In 2021, the Canadian Armed Forces (CAF) will have its own permanent and comprehensive Unmanned Aircraft System, that is, if everything goes according to plan. Unfortunately, with Canadian military procurement, things rarely go according to plan. Complex requirements, increasing costs, and bureaucratic delays continue to push back the anticipated arrival date, from 2010, to 2012, to 2017, and now, it is hoped, 2021.
The Ongoing History of Unmanned Aerial Vehicles
Under the Joint Unmanned Surveillance Target Acquisition System program, or JUSTAS, the CAF plans to acquire a system to field Unmanned Aerial Vehicles, or UAVs. The goal of JUSTAS is to provide ‘Intelligence, Surveillance, Reconnaissance (ISR), Target Acquisition, and all-weather precision strike capabilities in support of CAF operations worldwide’. UAVs, tethered by a radio control link, are capable of operating without an internal pilot, with pre-programmed flight plans and payload operations.
UAVs, commonly known as drones, are rapidly becoming ubiquitous in both the private and public sector. From package delivery, news coverage, agricultural monitoring, emergency response, and as a simple recreational hobby, drones are playing an increasingly larger role in daily life.
For the CAF, UAVs have many possible applications. UAVs will enable sophisticated activity-monitoring in remotely vast or dangerous areas, such as the Canadian Arctic. They are also projected to improve intelligence gathering, search and rescue missions, and emergency management. Although one of the most promising, and controversial uses for drones is their application in modern warfare and conflict resolution.
The CAF has a successful history of drone use. Canada’s military use of Unmanned Aerial Vehicles dates back to the 1960s. In 1963 Canada and Britain jointly developed the CL-89 Midge. The missile, with recording capabilities, had a pre-programmed flight plan. It was launched and then recovered at a pre-determined location. With no human input in between, it was a drone in the truest sense of the word.
During operations in Afghanistan, the CAF leased a variety of UAVs for surveillance purposes. The vehicles provided near-continuous situational monitoring. As training and technology advanced during this period, UAVs were deployed with few operational limitations or flight safety incidents.
Currently, the Royal Canadian Navy is operating the Scan Eagle Unmanned Aerial Vehicle. As part of Operation Artemis, a multinational task force dedicated to counter-terrorist surveillance, the Scan Eagle system flew a total of 1268 hours from January 2013 and February 2014.
Under JUSTAS, the CAF hopes to expand the use of UAVs to other military branches and complement ongoing operations. JUSTAS is still in Phase I, which is also referred to as the options analysis phase. A multitude of platforms already exist, but JUSTAS planners have yet to commit. UAVs provide capabilities that would undoubtedly improve CAF capabilities. However, considering some of the unresolved issues surrounding military UAVs, a lengthy planning process may be necessary.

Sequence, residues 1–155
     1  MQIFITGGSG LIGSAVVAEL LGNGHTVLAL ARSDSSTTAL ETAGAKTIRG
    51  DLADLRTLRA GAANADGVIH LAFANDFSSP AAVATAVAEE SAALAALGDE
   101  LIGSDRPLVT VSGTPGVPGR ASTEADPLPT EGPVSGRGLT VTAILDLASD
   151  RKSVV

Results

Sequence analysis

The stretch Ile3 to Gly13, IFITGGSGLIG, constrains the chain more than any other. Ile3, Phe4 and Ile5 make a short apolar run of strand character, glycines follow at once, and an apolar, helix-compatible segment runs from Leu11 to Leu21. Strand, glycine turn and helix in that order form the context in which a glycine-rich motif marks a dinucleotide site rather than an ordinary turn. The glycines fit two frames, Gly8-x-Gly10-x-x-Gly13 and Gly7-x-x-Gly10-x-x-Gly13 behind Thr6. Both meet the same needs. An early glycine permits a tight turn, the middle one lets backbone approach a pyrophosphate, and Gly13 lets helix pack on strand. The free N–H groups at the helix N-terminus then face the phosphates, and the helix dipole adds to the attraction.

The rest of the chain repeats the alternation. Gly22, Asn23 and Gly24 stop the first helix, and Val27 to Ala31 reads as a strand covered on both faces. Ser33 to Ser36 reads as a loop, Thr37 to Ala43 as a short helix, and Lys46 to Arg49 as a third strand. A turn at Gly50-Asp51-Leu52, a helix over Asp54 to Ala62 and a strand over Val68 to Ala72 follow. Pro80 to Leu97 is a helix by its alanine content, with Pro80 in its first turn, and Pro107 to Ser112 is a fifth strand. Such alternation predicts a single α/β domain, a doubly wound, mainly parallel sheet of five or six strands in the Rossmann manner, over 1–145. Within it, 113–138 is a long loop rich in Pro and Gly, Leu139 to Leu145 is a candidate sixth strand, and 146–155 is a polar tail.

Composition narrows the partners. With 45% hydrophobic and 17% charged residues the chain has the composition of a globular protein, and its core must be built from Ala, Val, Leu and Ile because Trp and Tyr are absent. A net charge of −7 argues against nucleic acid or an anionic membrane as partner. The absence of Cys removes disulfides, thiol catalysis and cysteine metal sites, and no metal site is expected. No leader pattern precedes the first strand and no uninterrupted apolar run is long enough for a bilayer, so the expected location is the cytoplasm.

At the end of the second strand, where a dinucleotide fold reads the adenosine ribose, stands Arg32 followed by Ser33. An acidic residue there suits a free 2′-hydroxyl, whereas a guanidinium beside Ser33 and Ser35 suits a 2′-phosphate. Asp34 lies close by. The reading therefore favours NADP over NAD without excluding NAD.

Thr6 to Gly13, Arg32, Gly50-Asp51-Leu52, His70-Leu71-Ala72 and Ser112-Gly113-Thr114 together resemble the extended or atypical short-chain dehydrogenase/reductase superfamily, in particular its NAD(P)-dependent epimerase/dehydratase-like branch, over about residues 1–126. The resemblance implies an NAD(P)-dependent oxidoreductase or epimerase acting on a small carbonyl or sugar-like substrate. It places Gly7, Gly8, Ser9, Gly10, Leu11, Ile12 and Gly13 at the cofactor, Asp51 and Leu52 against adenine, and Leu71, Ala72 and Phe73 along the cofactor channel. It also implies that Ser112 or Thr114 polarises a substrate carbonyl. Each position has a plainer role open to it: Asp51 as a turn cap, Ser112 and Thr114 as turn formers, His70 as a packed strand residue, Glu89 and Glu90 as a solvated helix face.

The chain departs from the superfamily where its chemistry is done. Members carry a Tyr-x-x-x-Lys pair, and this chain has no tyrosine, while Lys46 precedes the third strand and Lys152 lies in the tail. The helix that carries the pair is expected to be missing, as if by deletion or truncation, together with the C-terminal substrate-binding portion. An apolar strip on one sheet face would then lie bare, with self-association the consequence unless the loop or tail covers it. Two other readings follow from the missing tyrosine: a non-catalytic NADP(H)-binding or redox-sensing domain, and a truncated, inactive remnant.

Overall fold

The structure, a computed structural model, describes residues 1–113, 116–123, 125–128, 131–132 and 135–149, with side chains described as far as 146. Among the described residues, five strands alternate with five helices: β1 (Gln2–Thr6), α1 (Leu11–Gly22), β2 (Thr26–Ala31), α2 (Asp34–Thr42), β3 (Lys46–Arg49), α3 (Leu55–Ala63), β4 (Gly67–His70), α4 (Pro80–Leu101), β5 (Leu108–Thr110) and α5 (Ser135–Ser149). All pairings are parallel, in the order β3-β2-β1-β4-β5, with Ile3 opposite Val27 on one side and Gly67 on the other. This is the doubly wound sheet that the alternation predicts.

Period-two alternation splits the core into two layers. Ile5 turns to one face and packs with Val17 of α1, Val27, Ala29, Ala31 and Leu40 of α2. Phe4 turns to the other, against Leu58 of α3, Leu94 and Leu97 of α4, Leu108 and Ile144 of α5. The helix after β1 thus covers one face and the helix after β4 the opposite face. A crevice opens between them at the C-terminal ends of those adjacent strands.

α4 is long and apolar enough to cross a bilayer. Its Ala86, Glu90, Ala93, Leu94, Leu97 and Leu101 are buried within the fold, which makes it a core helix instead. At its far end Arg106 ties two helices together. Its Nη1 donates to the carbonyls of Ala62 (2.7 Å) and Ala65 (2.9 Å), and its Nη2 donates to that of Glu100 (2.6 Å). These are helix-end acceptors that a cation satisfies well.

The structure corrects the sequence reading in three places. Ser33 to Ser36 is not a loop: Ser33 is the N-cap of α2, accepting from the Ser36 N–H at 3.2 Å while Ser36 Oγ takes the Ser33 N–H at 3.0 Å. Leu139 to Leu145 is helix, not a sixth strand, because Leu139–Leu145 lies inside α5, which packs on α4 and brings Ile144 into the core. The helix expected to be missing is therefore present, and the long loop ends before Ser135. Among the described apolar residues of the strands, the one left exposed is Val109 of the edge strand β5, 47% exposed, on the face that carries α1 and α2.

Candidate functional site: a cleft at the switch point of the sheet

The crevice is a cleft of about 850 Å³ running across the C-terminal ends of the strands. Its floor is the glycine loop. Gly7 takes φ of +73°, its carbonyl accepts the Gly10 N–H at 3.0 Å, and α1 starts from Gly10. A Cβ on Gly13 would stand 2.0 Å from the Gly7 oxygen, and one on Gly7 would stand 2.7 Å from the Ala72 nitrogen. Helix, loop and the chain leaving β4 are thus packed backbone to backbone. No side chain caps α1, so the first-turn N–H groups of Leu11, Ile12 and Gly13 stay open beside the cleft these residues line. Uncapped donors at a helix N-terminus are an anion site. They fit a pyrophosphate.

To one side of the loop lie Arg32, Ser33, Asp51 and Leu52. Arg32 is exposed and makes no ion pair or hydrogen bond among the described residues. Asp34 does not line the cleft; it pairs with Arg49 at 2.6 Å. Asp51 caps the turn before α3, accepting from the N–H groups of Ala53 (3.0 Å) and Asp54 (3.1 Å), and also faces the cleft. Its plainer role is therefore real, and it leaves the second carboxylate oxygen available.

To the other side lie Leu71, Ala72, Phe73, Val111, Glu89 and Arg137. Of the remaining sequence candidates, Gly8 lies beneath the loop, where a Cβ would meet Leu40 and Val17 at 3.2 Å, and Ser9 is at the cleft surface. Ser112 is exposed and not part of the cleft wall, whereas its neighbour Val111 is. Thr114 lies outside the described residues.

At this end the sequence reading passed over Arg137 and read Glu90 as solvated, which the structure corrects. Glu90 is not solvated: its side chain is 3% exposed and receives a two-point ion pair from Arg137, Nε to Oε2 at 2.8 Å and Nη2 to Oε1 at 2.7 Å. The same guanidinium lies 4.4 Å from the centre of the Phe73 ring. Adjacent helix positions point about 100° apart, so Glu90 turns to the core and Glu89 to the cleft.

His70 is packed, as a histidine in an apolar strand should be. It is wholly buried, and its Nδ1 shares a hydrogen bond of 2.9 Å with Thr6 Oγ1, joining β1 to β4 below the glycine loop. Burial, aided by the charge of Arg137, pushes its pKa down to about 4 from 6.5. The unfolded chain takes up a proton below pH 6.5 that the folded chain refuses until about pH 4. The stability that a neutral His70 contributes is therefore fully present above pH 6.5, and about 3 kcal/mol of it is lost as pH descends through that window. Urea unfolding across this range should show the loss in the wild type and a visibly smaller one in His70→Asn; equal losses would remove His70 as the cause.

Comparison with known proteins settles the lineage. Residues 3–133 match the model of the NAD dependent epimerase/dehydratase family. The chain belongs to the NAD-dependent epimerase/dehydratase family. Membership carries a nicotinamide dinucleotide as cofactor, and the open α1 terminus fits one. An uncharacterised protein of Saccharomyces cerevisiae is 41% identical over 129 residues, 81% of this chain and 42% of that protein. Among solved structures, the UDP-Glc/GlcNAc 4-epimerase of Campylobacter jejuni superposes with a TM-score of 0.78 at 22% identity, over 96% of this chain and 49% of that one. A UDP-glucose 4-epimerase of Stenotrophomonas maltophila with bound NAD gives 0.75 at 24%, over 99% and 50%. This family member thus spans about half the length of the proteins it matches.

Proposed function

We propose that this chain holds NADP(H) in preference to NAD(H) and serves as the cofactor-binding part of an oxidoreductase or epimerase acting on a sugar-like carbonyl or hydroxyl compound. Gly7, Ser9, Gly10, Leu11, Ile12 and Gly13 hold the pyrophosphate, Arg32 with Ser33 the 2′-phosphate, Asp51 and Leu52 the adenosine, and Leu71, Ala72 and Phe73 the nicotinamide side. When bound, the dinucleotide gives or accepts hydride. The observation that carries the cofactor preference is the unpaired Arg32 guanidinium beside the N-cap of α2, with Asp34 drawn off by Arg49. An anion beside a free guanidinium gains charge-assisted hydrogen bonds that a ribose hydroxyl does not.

Military Drones: An inevitable future with an uncertain path
The CAF has used multiple official terms to describe UAVs, including; drones, uninhabited air vehicles, unmanned air vehicles, unmanned aircraft, unmanned aircraft systems and remotely piloted vehicles. Even though the term is commonly used in an official capacity, the military vehicles are not truly ‘drones’, as they still require human oversight. Under JUSTAS, Canada intends to adhere to the standard practice of keeping human operators ‘in the loop’. In the class of UAVs the CAF hopes to acquire, trained personnel have complete control over the vehicle at all times. However, as former RCAF pilot and military strategic advisor, Fraser Holman explains, this is only notwithstanding ‘great technological advances’.
This is a common theme in international military drone laws. The United States guidelines on military drones mandate that humans must have the final say over the UAVs, but this provision expires in 2022. Many experts say that the potential for completely autonomous weapons and surveillance systems is already feasible. The exponential growth of drone use and technology means that drones will become indispensable to military operations. As modern militaries are embracing the doctrine of ‘network-centric warfare’, where real-time, shared knowledge of a military situation is the basis for operations, the current and future capabilities afforded by UAVs are essential.
Unmanned Aerial Systems, whether autonomous, or human controlled, are revolutionizing warfare. With optimal use, they may minimize the confusion and unnecessary violence in conflict. At their worst, drones represent experimental lethal technology. Regularly, the news is filled with reports of drone strikes, as well as the evolving debate on the ethical, legal, and practical use of drones. According to Canadian military advisor Brigadier General Derek Joyce, policy on drone use is not yet fully ‘mature’. As policy and technology continues to develop, there are many considerations as the CAF expands its UAV program.
Presenting both dilemma and potential, UAVs are part of the CAF’s future. The challenge is to acquire, and use them, with the least amount of collateral damage. Considering the unresolved strategic, legal, and health-related implications of drone warfare, DND’s procurement delays may not necessarily be a bad thing.
The following sections of this piece analyze the implications of drone use, and explore a few of the challenges facing Canada’s successful acquisition and operation of a UAV fleet.